Eng. What Share has that Author’s Country (England I mean) in the Enormities he complains of? And why should not his Reflections on the Americans be general?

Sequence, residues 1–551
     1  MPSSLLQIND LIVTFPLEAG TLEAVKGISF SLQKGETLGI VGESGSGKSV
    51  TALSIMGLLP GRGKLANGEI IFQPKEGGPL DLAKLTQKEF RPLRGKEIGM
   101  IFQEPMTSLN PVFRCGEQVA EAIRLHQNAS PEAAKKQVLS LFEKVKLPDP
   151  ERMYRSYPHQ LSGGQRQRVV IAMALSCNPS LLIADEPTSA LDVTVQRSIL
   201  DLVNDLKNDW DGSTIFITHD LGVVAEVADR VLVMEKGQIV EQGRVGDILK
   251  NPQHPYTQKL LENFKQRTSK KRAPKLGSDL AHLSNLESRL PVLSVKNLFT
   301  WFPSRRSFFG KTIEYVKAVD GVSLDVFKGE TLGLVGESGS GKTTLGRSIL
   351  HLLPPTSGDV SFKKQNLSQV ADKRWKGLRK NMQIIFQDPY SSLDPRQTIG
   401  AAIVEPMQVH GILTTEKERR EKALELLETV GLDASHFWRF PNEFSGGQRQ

Amer. They ought not to be general, because the Foundation for them is not general. New England, the most populous of all the English Possessions in America, has very few Slaves; and those are chiefly in the capital Towns, not employed in the hardest Labour, but as Footmen or House-maids. The same may be said of the next populous Provinces, New-York, New Jersey, and Pensylvania. Even in Virginia, Maryland, and the Carolinas, where they are employed in Field-work, what Slaves there are belong chiefly to the old rich Inhabitants, near the navigable Waters, who are few compared with the numerous Families of Back-settlers, that have scarce any Slaves among them. In Truth, there is not, take North-America through, perhaps, one Family in a Hundred that has a Slave in it. Many Thousands there abhor the Slave Trade as much as Mr. Sharpe can do, conscientiously avoid being concerned with it, and do every Thing in their Power to abolish it. Supposing it then with that Gentleman, a Crime to keep a Slave, can it be right to stigmatize us all with that Crime? If one Man of a Hundred in England were dishonest, would it be right from thence to characterize the Nation, and say the English are Rogues and Thieves? But farther, of those who do keep Slaves, all are not Tyrants and Oppressors. Many treat their Slaves with great Humanity, and provide full as well for them in Sickness and in Health, as your poor labouring People in England are provided for. Your working Poor are not indeed absolutely Slaves; but there seems something a little like Slavery, where the Laws oblige them to work for their Masters so many Hours at such a Rate, and leave them no Liberty to demand or bargain for more, but imprison them in a Workhouse if they refuse to work on such Terms, and even imprison a humane Master if he thinks fit to pay them better; at the same Time confining the poor ingenious Artificer to this Island, and forbidding him to go abroad, though offered better Wages in foreign Countries.2 As to the Share England has in these Enormities of America, remember, Sir, that she began the Slave Trade; that her Merchants of London, Bristol, Liverpool and Glasgow, send their Ships to Africa for the Purpose of purchasing Slaves. If any unjust Methods are used to procure them; if Wars are fomented to obtain Prisoners; if free People are enticed on board, and then confined and brought away; if petty Princes are bribed to sell their Subjects, who indeed are already a Kind of Slaves, is America to have all the Blame of this Wickedness? You bring the Slaves to us, and tempt us to purchase them. I do not justify our falling into the Temptation. To be sure, if you have stolen Men to sell to us, and we buy them, you may urge against us the old and true saying, that the Receiver is as bad as the Thief.3 This Maxim was probably made for those who needed the Information, as being perhaps ignorant that receiving was in it’s Nature as bad as stealing: But the Reverse of the Position was never thought necessary to be formed into a Maxim, nobody ever doubted that the Thief is as bad as the Receiver. This you have not only done and continue to do, but several Laws heretofore made in our Colonies, to discourage the Importation of Slaves, by laying a heavy Duty, payable by the Importer, have been disapproved and repealed by your Government here, as being prejudicial, forsooth, to the Interest of the African Company.4